A friend of mine, who moved to Australia and now works in a factory making springs for pacemakers and hearing aids near Sydney, owns a house, a brand new Toyota SUV and has three kids. Our monthly income is almost the same. He drives 20 minutes to his workplace. Life in Australia seems much easier, although he does complain he has no savings.
Things should get better. Thanks to Shanghai's fast-expanding infrastructure, a new subway line is expected to open by the end of this year. That would very likely cut my commuting time to 70 minutes.
My father comes from a poor farming village in western China. It has taken a few generations for my family to have a member able to live and work in what is arguably China's premier megacity. To give my children a leg up, I plan to stay.
Zhuo Yang works in NPR's Shanghai bureau.
ychick • 2 days ago
The writer says that it will take up to 27 years to pay off the apartment. Well, in the USA a 30 year mortgage is standard, so I don't see what's so shocking about that. Also, many people, especially if they buy a property in their 20's, don't have money left to save or spend for fun things after paying their mortgage, food, cable, car payment, etc... This just sounds like life in the capitalistic system. Welcome to our world.
Rodney Burton ychick • 2 days ago
He says it will take him 12 years to pay off if he spends 100% of his salary on the home; his age is 27. That 12 doesn't include the 40K to add a toilet and floors.
240K over 14 years and he makes 17K a year. If he uses the rule of thumb of spending 25% of your salary on your mortgage, and the mortgage only accumulates a meagre 3% interest, the interest is still higher than what he pays.
SO, if he pages half of all he makes on the mortgage, it will take over 65 years (again assuming only a 3% rate).
Brandon Elliott ychick • 2 days ago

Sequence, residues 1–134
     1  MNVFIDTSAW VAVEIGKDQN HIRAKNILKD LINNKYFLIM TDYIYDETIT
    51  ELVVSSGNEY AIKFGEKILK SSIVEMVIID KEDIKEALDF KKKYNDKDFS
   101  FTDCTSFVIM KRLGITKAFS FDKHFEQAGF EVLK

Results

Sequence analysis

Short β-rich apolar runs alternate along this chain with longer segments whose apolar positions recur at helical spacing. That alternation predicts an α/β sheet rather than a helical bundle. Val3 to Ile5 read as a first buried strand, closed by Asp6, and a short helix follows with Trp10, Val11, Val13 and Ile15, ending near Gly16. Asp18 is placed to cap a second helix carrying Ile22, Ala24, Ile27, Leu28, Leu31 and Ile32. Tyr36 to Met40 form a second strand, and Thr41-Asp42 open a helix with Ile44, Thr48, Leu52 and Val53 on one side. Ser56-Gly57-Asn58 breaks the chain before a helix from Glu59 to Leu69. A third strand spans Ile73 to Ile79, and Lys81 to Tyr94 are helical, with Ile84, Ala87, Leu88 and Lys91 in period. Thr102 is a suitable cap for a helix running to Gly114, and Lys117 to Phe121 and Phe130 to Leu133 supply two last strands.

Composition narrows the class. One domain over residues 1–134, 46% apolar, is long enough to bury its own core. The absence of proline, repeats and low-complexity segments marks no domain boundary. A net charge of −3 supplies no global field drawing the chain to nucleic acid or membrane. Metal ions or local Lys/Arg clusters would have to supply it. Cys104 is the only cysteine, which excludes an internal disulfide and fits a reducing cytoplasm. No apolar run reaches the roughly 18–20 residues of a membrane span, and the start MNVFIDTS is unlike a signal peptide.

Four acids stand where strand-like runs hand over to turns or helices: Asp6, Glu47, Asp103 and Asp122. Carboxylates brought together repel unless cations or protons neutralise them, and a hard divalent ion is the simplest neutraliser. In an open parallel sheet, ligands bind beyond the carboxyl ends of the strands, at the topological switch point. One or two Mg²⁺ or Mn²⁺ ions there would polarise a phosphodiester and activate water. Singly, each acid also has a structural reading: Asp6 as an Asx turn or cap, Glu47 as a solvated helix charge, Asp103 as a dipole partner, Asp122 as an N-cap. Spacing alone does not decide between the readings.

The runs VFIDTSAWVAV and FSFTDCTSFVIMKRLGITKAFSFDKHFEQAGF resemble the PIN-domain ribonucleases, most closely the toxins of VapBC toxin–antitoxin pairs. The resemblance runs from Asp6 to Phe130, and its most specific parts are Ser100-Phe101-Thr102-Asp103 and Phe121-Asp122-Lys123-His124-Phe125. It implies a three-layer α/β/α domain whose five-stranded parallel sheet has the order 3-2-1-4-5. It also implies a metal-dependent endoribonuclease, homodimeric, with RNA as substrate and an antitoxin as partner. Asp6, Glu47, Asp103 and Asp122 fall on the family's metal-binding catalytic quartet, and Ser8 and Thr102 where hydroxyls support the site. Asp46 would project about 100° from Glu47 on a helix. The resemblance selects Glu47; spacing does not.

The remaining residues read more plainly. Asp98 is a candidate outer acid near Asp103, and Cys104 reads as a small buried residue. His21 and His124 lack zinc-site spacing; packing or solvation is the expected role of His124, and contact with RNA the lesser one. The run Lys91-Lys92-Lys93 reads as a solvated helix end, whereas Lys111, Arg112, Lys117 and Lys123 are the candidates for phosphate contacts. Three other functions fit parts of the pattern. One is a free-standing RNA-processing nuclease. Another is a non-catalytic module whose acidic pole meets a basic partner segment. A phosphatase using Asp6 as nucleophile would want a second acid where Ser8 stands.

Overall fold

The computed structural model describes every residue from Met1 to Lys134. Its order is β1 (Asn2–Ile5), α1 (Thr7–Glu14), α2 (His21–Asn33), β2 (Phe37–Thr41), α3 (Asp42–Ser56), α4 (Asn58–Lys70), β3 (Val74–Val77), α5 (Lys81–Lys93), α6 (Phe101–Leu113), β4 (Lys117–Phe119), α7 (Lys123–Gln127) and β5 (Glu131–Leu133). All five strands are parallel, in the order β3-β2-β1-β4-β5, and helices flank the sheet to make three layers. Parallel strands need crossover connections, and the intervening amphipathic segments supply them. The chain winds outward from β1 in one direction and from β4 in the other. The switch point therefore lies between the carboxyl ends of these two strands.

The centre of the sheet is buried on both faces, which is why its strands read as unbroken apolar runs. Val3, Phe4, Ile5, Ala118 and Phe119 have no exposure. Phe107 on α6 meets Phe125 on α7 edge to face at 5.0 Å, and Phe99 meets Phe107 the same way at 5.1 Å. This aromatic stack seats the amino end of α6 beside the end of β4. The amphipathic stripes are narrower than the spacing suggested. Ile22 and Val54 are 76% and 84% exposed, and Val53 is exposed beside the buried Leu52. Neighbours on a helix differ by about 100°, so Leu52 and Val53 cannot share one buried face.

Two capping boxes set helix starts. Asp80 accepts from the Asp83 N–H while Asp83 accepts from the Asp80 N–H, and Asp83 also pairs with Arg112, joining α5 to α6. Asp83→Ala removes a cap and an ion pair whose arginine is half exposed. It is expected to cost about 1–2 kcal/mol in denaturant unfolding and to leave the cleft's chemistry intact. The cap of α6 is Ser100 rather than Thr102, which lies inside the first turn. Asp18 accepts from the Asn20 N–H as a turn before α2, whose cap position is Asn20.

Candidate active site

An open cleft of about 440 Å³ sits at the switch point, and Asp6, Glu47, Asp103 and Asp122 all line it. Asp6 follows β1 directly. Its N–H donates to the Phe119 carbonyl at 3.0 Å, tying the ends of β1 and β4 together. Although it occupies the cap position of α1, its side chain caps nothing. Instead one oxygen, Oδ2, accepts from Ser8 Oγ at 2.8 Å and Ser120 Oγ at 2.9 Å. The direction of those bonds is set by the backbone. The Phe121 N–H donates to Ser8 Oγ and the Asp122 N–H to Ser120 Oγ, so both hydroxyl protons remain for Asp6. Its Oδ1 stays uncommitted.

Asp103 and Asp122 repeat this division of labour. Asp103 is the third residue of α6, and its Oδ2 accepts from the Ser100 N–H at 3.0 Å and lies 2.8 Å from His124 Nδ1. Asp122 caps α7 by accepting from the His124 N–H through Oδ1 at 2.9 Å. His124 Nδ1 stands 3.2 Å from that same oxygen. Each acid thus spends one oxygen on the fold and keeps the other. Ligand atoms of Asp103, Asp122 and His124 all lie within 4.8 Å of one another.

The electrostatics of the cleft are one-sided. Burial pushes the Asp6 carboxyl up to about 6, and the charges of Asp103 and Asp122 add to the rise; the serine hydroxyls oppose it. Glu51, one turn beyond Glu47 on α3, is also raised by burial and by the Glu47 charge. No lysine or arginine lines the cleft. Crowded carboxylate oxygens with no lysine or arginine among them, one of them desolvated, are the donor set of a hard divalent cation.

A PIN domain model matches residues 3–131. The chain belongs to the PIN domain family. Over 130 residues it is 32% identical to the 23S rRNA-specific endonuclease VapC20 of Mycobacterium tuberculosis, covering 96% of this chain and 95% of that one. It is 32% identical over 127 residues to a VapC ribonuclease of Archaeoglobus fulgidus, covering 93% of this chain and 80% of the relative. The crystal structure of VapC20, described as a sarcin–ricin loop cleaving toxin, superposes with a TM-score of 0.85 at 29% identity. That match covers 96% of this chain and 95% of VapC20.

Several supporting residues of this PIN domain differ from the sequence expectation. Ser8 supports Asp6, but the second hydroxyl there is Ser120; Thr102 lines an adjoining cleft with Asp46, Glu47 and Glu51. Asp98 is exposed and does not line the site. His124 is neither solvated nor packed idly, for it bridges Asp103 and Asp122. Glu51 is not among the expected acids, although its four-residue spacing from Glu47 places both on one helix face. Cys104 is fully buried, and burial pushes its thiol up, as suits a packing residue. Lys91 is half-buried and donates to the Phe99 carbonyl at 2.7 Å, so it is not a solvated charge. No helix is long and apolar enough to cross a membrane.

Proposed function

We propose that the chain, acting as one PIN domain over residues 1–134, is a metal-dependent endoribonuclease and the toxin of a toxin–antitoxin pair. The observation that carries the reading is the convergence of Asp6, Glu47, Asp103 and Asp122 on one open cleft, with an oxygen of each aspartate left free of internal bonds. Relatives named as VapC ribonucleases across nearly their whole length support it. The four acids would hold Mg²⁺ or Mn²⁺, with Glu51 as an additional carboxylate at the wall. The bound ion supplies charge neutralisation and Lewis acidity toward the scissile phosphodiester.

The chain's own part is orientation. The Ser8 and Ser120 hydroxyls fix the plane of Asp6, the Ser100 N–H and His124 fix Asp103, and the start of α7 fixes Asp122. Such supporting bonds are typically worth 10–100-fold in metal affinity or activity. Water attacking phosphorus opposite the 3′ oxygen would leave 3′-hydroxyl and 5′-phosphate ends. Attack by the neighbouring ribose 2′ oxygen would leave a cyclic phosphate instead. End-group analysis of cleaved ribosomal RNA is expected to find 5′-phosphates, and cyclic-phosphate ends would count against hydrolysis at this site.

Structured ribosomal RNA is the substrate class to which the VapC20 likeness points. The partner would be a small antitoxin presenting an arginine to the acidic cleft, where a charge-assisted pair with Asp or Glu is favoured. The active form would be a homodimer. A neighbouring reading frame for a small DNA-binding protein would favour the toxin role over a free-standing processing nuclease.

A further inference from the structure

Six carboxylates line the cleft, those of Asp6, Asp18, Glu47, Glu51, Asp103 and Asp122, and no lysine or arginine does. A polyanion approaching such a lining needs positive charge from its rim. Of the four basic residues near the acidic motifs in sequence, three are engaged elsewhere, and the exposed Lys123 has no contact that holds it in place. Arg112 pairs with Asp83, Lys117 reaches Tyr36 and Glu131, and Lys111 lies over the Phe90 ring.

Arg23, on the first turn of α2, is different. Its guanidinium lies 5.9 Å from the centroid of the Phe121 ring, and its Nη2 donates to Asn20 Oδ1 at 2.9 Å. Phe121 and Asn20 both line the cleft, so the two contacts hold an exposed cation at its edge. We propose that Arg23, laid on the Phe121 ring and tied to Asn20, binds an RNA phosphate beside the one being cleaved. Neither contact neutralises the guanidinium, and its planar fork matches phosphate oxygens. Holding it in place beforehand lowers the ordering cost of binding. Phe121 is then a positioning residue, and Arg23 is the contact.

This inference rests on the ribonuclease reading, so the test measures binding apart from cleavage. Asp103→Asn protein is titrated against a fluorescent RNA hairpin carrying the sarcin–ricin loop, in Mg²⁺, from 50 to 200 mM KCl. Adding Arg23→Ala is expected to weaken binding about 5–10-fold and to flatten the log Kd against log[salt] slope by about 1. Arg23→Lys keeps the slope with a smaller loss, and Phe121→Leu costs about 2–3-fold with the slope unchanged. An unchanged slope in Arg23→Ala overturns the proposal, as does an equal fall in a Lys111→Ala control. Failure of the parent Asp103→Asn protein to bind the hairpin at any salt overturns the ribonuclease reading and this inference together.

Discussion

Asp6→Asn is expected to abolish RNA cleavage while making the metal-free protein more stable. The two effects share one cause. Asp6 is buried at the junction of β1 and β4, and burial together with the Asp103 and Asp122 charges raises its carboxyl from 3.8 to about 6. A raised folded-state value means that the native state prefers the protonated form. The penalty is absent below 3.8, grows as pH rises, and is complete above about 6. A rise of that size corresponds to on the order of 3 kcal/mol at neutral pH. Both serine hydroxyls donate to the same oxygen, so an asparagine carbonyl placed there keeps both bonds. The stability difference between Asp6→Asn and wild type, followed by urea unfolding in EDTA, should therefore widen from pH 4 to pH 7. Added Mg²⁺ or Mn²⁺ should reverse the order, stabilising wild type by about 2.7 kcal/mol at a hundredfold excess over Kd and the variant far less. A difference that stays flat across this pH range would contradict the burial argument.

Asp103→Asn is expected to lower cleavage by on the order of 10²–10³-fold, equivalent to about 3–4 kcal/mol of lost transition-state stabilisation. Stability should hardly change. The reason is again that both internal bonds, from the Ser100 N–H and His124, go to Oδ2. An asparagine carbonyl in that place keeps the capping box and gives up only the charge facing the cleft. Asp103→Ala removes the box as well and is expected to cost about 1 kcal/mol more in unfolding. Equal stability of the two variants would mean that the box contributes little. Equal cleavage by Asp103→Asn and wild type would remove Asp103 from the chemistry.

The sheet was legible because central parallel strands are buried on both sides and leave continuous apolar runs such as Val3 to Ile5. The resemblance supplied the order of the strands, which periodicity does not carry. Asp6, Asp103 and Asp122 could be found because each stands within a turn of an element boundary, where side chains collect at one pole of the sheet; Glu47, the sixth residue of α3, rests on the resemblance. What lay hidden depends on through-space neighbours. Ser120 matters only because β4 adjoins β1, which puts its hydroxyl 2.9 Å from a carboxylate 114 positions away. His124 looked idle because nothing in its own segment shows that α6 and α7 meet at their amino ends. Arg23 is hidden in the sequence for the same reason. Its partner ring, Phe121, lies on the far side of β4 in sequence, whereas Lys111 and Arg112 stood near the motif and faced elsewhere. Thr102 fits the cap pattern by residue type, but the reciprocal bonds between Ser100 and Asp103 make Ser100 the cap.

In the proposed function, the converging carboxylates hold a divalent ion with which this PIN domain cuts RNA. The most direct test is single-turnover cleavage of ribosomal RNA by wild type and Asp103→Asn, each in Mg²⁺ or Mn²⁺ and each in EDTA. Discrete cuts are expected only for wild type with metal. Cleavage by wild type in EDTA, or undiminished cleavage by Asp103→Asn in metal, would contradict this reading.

at least here there is the option to not do that. This guy is getting a bare bones lifestyle after a huge expenditure.
Mark Kropf ychick • 2 days ago
The biggest difference is that renting is not seen as culturally acceptable for single men. If the mores of Chinese society are not to be forced to change- and I for one would not see it as my function to dictate values to others abroad-single men in China are at a substantial disadvantage to those here. Unless they have been 'well healed' they are bound to live in virtual penury with wives, if they can even afford to marry.
The Chinese government may find that such social expectations need to be 'adjusted' or the supply of apartments needs to be increased dramatically to drop costs and increase access.
In the latter case, the Government may need to address Chinese mortgage holders who have been made to be in a situation analogous to those here who find themselves 'under water'.
China has a problem here that is not going to go away, is rather likely to only get worse and which may lead to greater discontent with the governance of the country.
Rodney Burton ychick • a day ago
Also what many people here seem to be forgetting when they say "sounds like the USA!" is that here we enter into large mortgages like that for great apartments with good amenities inside good cities (not NY city proper, but good), or we enter into mortgages like that for good houses in middle-class suburbs/small towns.
In the USA we do NOT enter into life-crippling mortgage for a smallish apartment in an unfinished building with concrete floors, no toilet, and a two-hour commute from the city center!
This whole Chinese real estate bubble sounds to me like the inevitable result of the current generation of Chinese leaders having been raised in a China where any predictions of their future that weren't flamboyantly glorious led to imprisonment or death. Communism shrivels and crumbles in the harsh light of reality.
colt call ychick • 2 days ago
There's something I love about the mystery of China. People in big cities live in closet sized apartments....while there are entire ghost cities in China. And now China is not only building these entire uninhabited cities around China....they are building entire uninhabited ghost cities in Africa. Wow. What gives with that?
Why is China constructing large, well-designed “ghost cities” that are completely devoid of people?
Now, the BBC reports a giant new Chinese-built city has been spotted in Africa in the outskirts of Angola’s capital Luanda.